9) When you click on ‘Audit‘, Security Center automatically creates the appropriate rules on top of the built-in application which will take a couple of minutes to complete. The allow list solution available on the Windows Server is via utilizing the AppLocker feature in the background. Now that the rule is configured, you will see that the group is going to appear under the ‘Configured‘ tab as shown in the figure below.
10) When you click on that group, you will be able to make changes if you want to. Some of the changes that you can make here is regarding the ‘Publisher whitelisting rules‘, you can make a modification if you want to, then you can add a new rule and customize the publisher for EXE file, MSI (in case of Windows machines), SCRIPT or All. You can also see the existing ‘File Types‘ which were selected.
11) You can see the ‘Path whitelisting rules‘ and the ‘Hash whitelisting rules‘ as well if there are ones created. You can also create and add a new rule(s) if needed. The rule type could be ‘Publisher‘, ‘Path‘, or ‘Hash‘.
12) Under the ‘Configured VMs/servers‘ section, you can see which servers are part of this group that will be affected by those settings.
13) And finally, if there are any alerts that are correlated with this group, you can visualize these security alerts under the ‘Recent Alerts‘ section, or you can go back to the main Security alerts dashboard and visualize from there.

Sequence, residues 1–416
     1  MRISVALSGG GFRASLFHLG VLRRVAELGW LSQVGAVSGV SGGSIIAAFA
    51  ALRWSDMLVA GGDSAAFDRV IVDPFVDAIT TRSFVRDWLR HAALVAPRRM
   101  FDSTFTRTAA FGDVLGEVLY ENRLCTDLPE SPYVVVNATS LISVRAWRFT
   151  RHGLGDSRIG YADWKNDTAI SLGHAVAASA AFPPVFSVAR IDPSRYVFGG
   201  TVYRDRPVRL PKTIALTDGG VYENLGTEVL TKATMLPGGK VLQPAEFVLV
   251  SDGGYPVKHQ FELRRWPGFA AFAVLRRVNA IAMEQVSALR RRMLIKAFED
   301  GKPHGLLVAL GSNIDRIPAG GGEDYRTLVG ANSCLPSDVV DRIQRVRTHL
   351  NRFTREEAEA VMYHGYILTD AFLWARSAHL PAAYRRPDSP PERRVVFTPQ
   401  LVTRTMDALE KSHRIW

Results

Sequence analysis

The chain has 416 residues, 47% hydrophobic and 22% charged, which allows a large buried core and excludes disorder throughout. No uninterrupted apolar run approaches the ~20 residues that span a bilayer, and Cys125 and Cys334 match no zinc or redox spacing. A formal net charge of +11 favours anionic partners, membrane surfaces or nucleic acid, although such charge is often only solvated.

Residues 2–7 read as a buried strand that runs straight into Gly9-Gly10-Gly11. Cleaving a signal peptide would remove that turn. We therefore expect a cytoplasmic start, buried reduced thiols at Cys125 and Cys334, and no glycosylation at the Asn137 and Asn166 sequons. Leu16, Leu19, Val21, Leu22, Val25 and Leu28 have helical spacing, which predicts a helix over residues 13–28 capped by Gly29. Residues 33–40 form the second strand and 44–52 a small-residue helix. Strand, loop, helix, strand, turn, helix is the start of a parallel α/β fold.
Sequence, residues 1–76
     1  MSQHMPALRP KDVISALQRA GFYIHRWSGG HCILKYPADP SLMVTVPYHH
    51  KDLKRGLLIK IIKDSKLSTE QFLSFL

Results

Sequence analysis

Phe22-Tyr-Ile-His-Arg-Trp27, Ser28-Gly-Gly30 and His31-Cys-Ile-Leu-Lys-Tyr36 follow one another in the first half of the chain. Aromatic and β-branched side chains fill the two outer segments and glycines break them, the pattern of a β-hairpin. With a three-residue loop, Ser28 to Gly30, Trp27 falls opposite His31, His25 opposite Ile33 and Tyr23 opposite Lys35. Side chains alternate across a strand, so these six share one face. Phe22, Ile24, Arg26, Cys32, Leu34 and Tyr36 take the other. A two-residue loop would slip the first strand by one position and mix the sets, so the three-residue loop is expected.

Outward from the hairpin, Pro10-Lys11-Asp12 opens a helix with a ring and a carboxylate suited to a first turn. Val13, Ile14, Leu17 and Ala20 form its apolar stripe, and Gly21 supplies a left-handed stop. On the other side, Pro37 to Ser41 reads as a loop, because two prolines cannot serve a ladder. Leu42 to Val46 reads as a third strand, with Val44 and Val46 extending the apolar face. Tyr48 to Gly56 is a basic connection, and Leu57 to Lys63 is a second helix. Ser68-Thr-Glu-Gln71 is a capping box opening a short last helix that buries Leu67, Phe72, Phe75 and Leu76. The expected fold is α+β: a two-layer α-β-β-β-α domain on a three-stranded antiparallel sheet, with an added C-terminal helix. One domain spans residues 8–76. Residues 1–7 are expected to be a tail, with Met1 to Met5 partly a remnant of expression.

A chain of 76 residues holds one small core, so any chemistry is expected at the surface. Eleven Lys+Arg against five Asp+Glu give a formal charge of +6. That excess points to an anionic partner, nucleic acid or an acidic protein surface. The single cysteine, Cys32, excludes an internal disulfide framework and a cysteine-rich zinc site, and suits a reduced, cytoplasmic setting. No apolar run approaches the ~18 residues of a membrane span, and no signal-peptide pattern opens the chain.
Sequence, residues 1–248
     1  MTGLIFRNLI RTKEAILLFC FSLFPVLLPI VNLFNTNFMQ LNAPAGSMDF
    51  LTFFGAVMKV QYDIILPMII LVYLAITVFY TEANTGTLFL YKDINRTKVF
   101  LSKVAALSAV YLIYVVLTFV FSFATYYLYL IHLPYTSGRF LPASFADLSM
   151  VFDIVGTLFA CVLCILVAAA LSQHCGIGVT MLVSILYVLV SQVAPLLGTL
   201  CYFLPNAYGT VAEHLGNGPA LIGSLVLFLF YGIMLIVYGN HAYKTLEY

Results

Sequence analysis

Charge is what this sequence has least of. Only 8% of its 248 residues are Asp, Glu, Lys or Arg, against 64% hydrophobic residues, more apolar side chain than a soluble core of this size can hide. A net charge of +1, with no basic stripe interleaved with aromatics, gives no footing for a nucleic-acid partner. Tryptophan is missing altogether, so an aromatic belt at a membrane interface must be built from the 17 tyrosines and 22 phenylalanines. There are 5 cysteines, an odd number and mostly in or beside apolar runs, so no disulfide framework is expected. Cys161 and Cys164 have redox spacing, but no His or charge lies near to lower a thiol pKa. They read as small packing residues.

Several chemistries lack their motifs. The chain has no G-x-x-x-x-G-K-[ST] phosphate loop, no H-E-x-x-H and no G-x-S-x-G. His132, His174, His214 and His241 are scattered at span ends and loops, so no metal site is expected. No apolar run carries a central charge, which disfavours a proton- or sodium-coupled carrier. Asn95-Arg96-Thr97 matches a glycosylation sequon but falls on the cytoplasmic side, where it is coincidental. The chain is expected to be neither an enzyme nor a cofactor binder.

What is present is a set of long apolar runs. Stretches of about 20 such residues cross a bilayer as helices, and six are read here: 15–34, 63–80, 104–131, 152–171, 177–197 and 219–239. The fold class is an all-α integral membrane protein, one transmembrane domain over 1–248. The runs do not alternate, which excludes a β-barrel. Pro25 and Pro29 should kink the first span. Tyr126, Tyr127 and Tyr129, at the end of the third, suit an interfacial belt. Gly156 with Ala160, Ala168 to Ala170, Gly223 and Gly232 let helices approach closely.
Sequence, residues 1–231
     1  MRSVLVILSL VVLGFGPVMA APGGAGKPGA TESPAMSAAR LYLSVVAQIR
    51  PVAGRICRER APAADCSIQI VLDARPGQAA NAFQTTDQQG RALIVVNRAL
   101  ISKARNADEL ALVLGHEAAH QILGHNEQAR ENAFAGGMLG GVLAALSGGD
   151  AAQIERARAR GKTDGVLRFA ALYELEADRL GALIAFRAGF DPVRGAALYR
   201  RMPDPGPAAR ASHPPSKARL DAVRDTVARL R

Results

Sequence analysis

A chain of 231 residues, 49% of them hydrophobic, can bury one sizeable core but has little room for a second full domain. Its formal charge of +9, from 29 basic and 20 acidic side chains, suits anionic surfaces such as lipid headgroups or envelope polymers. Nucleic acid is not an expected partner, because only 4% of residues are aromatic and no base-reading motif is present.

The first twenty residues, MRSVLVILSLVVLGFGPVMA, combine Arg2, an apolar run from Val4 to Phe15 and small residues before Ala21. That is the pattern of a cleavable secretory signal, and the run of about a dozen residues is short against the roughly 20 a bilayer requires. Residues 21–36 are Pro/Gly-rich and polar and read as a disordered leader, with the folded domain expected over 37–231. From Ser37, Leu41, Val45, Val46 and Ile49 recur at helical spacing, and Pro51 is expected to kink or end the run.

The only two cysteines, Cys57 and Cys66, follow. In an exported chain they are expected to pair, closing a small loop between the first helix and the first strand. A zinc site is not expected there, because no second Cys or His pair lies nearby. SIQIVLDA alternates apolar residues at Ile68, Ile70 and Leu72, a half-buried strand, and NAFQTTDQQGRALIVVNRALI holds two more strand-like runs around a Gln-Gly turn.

In this section, I want to show you how application violation is going to look like in Azure Security Center.
Under Security Center | Security alerts dashboard, I have two security alerts that were triggered by adaptive application controls as shown in the below figure.
If I click on any of these alerts ‘Adaptive application control policy violation was audited‘, I can see two servers that have an app that violated the policy that was established by adaptive application controls.
When you click on the ‘Attacked Resource‘, you will see the explanation about this particular alert, and then you can see the explanation about which application was executed. So in this example, ‘CERTWAC.EXE‘ application is not part of my whitelist, which means that this is a violation of the policy. Therefore, the alert is triggered, and then you can validate it here.
If you’ve already integrated Azure Security Center with Azure Monitor, then you will also receive a notification based on the action group that you specified. As shown below, I am using email notification. You can find more details on how to integrate Azure Security Center with Azure Monitor here.
This is a great opportunity if you are in audit mode to reveal if this is a really malicious application that should be blocked, or if it is a false positive and perhaps you need to change the policy and add this application to the whitelist. So you have that option as well.
How it works…
Azure Security Center relies on a minimum of two weeks of data in order to create a baseline and populate the unique recommendations per group of your virtual machines. So, what happened is the Security Center proprietary clustering algorithm is going to create those groups that have similar activities in apps to get the optional recommendation for the application control. So those groups are automatically created by Security Center, and within each group, you will have multiple servers, and the application whitelisting will be suggested for that group and applied to the group.